January can be a tricky month for gardeners. On one hand, there is the potential for some wonderful gardening days; Cooler temperatures combined with soft, moist soil (and few distractions) and you have the winning ingredients in your gardening cocktail.
On the other hand, there is the rain. That pesky, persistent, cold winter rain drenches your garden and turns the soil to mud. Many gardeners see this rain, and resulting mud, as the bane of their gardening existence, but with a little bit of mud control in place, it’s easier to enjoy the garden.
The best materials to help with mud control are those that will sit above the surface of the ground even after being stepped on. Products such as Lane Forest Products Walk On Bark or Wood Chips are ideal candidates for surrounding your gardening beds and on your pathways. Applying 4”-6” of either of these materials will keep the mud off your feet and help suppress weed growth.
In case you’ve already laid down your mud control this year, here are a few other gardening tips for January.
Set your winter schedule for applying dormant sprays on roses. Treatments of Lime Sulfur or Copper Fungicides help control diseases. It is also important to clean-up diseased leaf debris from underneath plants.
Find a nice day to select primroses. Plant them in light shade or sun.
Remember the bulbs you planted in pots last fall? Crocus, early tulips, and narcissus showing any green shoots will bloom quickly in a sunny window.
Bare root roses will be arriving in garden centers later this month. You will find these are less expensive or of better quality than those from mail order sources or in discount stores.
Dispose of any stored vegetables that are showing signs of rot.
Have your garden soil tested for the proper pH. You can pick up a test kit at most garden centers in the area. If lime is needed, use this month to adjust your pH if necessary. Avoid tilling soil if too wet.
With seed racks going up in your favorite garden center this month, it’s time to start your planning!
Along with roses, fruit trees can be treated with a dormant spray this time of year. Applications of Lime Sulfur or Copper Fungicides will help control the spread of disease. Watch the forecast and apply during times of low wind and no rain.
January is a good time to start pruning your grapes. Remove most of the woody growth from the previous season. For more details about pruning grapes check out the OSU Extension site.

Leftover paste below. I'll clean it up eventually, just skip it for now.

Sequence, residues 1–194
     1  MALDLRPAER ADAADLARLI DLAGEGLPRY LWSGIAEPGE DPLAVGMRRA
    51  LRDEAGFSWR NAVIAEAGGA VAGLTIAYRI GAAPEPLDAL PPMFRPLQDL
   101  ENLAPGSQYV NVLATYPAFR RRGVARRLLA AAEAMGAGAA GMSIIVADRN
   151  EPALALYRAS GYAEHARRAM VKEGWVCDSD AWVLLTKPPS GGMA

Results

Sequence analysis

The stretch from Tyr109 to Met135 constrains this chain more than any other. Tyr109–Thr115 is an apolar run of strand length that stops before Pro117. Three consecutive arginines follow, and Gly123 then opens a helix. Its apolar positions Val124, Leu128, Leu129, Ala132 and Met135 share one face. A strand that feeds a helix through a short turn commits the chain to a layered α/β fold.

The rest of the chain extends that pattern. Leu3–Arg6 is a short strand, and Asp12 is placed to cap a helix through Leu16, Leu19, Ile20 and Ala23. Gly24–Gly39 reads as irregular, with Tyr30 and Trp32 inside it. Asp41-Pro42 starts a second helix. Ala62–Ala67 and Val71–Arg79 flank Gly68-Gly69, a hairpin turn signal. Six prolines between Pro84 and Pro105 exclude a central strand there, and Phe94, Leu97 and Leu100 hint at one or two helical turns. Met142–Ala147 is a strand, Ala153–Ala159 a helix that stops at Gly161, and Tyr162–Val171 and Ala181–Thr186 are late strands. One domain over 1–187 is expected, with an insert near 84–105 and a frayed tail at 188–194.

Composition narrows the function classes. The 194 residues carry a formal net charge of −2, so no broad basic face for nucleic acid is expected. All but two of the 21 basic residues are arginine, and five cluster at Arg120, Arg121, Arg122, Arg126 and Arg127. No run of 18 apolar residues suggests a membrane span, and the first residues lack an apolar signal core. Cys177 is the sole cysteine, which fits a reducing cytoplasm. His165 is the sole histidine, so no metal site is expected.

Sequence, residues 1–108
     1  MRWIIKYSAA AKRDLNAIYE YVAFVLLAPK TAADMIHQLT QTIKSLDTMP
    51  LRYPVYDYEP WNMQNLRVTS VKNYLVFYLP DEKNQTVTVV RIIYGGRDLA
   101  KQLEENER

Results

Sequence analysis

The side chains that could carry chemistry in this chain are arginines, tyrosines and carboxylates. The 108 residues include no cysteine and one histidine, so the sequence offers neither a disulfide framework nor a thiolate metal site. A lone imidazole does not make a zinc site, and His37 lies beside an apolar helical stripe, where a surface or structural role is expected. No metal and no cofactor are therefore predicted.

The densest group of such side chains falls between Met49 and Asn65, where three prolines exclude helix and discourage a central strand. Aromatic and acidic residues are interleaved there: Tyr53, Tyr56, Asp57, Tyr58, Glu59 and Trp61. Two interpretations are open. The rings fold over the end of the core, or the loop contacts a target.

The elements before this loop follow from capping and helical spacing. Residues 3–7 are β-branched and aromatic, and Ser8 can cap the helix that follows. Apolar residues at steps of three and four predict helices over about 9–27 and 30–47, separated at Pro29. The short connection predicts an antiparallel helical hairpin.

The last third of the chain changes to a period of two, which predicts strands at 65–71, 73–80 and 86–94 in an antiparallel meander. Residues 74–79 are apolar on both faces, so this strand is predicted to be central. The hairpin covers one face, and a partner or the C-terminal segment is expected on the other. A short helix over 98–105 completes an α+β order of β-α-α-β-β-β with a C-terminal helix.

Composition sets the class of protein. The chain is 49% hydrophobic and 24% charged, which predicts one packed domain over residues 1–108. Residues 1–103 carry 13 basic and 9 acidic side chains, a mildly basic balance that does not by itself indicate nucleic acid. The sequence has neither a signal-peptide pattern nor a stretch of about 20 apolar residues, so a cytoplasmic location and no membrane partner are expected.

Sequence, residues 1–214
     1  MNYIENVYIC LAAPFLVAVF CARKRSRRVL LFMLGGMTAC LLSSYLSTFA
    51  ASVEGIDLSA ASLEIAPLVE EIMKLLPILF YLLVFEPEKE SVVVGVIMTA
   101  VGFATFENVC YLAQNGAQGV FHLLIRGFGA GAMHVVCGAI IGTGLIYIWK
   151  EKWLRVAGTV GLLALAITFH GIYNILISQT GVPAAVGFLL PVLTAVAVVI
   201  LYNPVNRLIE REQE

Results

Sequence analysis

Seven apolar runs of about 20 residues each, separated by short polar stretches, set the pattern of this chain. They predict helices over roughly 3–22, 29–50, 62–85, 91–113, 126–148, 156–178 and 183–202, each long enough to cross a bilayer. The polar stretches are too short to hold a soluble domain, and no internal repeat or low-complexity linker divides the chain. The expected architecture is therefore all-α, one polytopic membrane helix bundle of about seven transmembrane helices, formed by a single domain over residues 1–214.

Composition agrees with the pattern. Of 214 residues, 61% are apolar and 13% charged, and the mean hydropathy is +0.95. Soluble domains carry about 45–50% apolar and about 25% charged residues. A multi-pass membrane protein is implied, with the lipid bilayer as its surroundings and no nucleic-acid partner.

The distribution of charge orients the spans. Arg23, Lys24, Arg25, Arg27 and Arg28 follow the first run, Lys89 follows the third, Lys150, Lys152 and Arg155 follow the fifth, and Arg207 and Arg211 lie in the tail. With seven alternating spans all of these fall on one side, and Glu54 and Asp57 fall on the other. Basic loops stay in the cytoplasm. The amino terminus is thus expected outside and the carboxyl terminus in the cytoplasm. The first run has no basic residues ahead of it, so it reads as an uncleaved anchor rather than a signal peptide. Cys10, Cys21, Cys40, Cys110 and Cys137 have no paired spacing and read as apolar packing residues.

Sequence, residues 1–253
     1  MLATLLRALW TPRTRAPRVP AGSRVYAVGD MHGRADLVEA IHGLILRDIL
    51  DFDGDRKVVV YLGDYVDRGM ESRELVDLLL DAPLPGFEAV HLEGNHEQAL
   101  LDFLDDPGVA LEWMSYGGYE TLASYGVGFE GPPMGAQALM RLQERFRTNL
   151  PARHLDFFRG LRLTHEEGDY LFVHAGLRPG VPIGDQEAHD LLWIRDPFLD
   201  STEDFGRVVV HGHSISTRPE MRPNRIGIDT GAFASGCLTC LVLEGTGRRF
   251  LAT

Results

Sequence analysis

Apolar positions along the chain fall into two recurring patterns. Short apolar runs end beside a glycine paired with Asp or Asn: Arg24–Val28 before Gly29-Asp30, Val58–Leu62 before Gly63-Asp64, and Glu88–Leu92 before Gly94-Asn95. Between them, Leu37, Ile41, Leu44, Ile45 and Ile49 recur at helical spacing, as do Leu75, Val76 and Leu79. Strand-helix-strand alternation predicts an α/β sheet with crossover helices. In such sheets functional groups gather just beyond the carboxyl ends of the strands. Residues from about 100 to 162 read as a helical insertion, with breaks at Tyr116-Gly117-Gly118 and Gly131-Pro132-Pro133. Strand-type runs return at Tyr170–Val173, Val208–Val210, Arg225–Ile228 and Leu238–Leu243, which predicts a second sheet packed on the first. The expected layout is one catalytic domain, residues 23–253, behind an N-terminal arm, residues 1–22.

Bare root fruit trees will be in stores soon! Give us a call to check availability at our Corner Store location in Glenwood.
Indoor Plants & Herbs
For indoor plants, be sure to check to ensure soil isn’t completely dry. House plants will usually require less water and fertilizer during the winter months. They should be dust and pest free.
To extend the life of your holiday poinsettias protect them from cold, place in sunlight; don’t let leaves touch cold windows.
Check your lawn for moss, which could be an indication of a lack of sunlight or poor drainage.
Walking on a frozen lawn can damage the grass. Avoid walking on it until the frost has melted.
Various Jobs Around Your Oregon Garden
Heavy rains will make drainage issues obvious in your yard. Installing French drains may help correct these situations. In the long run, areas may need to be regraded or bioswales/rain gardens may need to be constructed.
Put slug bait out to catch those buggers early before they really multiply.
Have you started a garden journal? It’s a good idea to have throughout the year for reference. A journal is helpful in recalling which crops need to be rotated in your garden beds and what areas you’ve planted.
Wood ashes could be spread evenly on vegetable gardens. The OSU Extension Service makes the following application recommendations: “Use no more than 1.5 pounds/100 square feet/year. Don’t use if the soil pH is greater than 7.0 or if potassium levels are excessive.”
Protect new landscape plants from winter weather. Support them with stakes and ties as needed. In the Willamette valley, it’s if often necessary to tie limbs of columnar evergreens together to prevent breakage from snow/ice.
For disease and pest prevention yard sanitation is critical. Remove infected leaves, cut and remove spent perennial flowers, and remove weeds. Apply a couple of inches of mulch to help control weed regrowth and maintain a more stable soil temperature.
Even during times of rain or cold, plants in protected areas may need to be watered by hand. Cold weather can actually dehydrate container plantings in a hurry and the rain may not reach areas blocked by eaves or patio structures.
Rodents are looking for a warm place to be during the winter. Check around bases of trees and large shrubs for any signs of nesting or damage. Keeping areas clean and weed free will reduce protected hiding places. Consider the use of traps or baits if necessary.
Snow and ice can build up quickly on trees and shrubs. Often a good shake will reduce the weight and prevent the plant from braking.
Especially in freezing conditions, provide birds with thawed water and food.
In the case of freezing rain or an ice storm, review our blog post Winter Garden First Aid for tips on handling frozen plants, trees, and shrubs.
Sources: LFP Website, OSU Extension Service and Portland Nursery